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THE NATION

AIDS Panel Choice Criticized

The Bush team picks a religious conservative who once called the disease 'the gay plague.'

January 23, 2003|Vicki Kemper and Eric Malnic | Times Staff Writers

WASHINGTON — Jerry Thacker, a religious conservative who has described homosexuality as a "deathstyle," will be sworn in next week as a member of the Presidential Advisory Council on HIV and AIDS, a Bush administration official confirmed Wednesday night.

The official, who spoke on condition of anonymity, noted that Thacker and his family have the virus. Thacker was chosen to serve on the commission because of his record of reaching out to the conservative community on HIV and AIDS issues, the official said.

"AIDS is a disease which truly knows no bounds," the official said. "It can strike anyone, and no community is immune from it. He has a history of delivering this message."

In a previous version of one of his Web sites, Thacker described AIDS as "the gay plague." The current version of the site no longer contains that language, referring only to "the plague known as AIDS."

For The Record
Los Angeles Times Friday January 24, 2003 Home Edition Main News Part A Page 2 National Desk 13 inches; 483 words Type of Material: Correction
AIDS panel -- A report on an appointment to a government AIDS panel that appeared in Section A in some editions Thursday said that the Presidential Advisory Council on HIV and AIDS was established during the Reagan administration. It was set up in 1995 during the Clinton administration.

Rebecca Isaacs, interim executive director of the Los Angeles Gay & Lesbian Center, called Thacker's appointment "a big mistake."

"Bigotry has no place in public health," she said. "This appointment sends the wrong message."

Thacker's appointment to the 35-member council was first reported by the Washington Blade, a newspaper serving gay and lesbian readers in the capital. The council, which was established during the Clinton administration, provides information and recommendations to the secretary of Health and Human Services on HIV and AIDS prevention and research.

The Bush administration official said Thacker was one of "six or eight" new appointees who would be sworn in at the council's meeting here next week.

The official, who said he did not believe that prospective members' opinions on homosexuality are investigated before they are asked to join the council, defended the administration's record on HIV and AIDS.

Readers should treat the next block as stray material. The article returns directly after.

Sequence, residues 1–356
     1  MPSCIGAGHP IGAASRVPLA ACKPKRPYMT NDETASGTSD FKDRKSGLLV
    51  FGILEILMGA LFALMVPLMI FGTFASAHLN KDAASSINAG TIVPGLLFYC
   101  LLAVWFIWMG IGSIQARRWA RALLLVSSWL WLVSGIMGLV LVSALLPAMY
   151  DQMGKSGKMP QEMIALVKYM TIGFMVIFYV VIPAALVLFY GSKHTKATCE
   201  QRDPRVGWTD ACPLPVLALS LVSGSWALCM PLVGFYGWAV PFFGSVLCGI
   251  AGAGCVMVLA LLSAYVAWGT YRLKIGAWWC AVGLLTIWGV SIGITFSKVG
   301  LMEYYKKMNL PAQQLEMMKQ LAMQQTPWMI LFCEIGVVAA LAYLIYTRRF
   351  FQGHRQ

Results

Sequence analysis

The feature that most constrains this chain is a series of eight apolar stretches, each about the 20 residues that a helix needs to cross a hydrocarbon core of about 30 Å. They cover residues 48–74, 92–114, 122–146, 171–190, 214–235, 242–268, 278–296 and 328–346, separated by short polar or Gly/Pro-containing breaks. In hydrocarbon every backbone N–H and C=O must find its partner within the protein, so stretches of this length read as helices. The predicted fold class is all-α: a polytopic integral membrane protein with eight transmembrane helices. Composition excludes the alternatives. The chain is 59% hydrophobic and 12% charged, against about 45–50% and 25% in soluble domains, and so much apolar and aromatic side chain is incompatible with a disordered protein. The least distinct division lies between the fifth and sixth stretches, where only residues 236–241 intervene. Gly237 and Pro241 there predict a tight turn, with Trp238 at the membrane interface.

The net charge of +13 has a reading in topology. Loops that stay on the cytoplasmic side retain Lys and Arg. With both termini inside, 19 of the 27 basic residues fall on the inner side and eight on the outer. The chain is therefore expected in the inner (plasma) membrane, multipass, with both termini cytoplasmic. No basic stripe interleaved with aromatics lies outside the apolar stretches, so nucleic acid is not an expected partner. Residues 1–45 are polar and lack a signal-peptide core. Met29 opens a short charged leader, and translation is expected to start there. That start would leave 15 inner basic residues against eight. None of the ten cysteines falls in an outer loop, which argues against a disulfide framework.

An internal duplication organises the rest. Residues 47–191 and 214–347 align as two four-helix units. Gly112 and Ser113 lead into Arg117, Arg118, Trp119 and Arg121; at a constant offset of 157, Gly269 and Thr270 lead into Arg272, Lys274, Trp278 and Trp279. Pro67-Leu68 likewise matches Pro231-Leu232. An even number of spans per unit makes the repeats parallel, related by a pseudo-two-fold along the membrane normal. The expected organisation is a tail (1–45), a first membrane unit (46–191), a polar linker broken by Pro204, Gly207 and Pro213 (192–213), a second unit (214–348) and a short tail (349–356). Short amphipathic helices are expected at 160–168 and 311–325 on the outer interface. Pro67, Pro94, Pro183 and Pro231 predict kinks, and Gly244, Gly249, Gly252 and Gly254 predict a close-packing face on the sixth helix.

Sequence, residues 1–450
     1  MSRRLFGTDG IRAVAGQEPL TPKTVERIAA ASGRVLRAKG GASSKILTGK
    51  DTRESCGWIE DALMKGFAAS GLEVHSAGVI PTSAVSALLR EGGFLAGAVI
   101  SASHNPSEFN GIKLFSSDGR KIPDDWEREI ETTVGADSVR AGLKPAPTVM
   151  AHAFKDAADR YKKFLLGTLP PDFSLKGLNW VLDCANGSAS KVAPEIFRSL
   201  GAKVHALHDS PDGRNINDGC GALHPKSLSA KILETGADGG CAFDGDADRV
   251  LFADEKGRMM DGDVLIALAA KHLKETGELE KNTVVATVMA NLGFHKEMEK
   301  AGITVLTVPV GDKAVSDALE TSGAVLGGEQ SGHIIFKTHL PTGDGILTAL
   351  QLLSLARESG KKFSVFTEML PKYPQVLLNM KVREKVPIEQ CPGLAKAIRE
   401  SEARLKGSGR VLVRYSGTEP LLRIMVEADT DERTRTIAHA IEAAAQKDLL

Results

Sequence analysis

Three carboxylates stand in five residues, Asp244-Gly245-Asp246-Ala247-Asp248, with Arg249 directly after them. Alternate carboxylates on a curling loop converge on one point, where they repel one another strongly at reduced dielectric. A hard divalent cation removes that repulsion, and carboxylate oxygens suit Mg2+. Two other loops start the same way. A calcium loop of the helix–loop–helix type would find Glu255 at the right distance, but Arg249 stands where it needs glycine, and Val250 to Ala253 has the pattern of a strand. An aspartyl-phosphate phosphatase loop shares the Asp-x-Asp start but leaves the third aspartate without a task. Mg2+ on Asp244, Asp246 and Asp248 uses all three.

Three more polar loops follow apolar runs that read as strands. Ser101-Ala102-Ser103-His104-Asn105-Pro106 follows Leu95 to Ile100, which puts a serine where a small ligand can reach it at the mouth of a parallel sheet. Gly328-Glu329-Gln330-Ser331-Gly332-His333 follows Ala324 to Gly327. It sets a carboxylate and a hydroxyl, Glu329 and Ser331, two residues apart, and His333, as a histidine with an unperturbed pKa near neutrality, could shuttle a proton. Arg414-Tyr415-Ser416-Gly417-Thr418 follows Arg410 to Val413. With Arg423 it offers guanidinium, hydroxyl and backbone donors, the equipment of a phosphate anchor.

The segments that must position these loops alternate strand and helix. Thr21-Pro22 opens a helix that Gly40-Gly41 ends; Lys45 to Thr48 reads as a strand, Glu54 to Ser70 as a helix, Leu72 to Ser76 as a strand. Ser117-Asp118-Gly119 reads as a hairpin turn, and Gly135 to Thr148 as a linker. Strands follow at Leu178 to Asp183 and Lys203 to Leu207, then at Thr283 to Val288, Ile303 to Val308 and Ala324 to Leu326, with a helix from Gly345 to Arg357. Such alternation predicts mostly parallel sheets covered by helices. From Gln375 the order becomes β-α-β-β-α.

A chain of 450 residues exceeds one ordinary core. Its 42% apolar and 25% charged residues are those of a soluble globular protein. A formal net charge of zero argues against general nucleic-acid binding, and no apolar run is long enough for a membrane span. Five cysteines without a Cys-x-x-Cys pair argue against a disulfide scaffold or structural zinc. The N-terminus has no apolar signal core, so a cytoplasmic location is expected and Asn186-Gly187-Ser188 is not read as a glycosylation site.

"If you look at what we have committed to research, to global AIDS, to the domestic budget, you will see that this administration has surpassed the [Clinton] administration," the official said.

"Look at the deeds, not just the words."

But it is Thacker's words -- at least those attributed to him -- that concern many gays and AIDS advocacy groups.

The Web site for Thacker's Pennsylvania-based educational enterprise, the Scepter Institute, describes how he and his family contracted the disease. Thacker's wife, Sue, was infected with HIV through a blood transfusion she received in 1984 while giving birth to the couple's third child, according to the site.

Thacker was subsequently infected by his wife, and their daughter contracted the virus from breast milk.

Thacker is a graduate and former faculty member of Bob Jones University, a fundamentalist Christian college known for its traditional views on sexuality and segregation.

Lee Klosinski, director of programs for the AIDS Project Los Angeles, said Thacker's appointment "represents the triumph of ideology over objectivity and impartiality. It is unfortunately consistent with the Bush administration's approach to HIV and sexual health."

The administration official said he could not confirm allegations that Thacker is "anti-gay."

"I don't know the context in which these remarks were made," the official said. "He believes everyone must be loved and reached out to. This guy's family is devastated."

The Scepter Institute Web site -- in a page that has since been revised -- described one of Thacker's presentations as "a message on the nature of homosexuality and how Christ can rescue the homosexual." The lecture also offered "tips for ministry to those practicing this 'deathstyle,' " the site said.

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Times staff writer Charles Ornstein contributed to this report.

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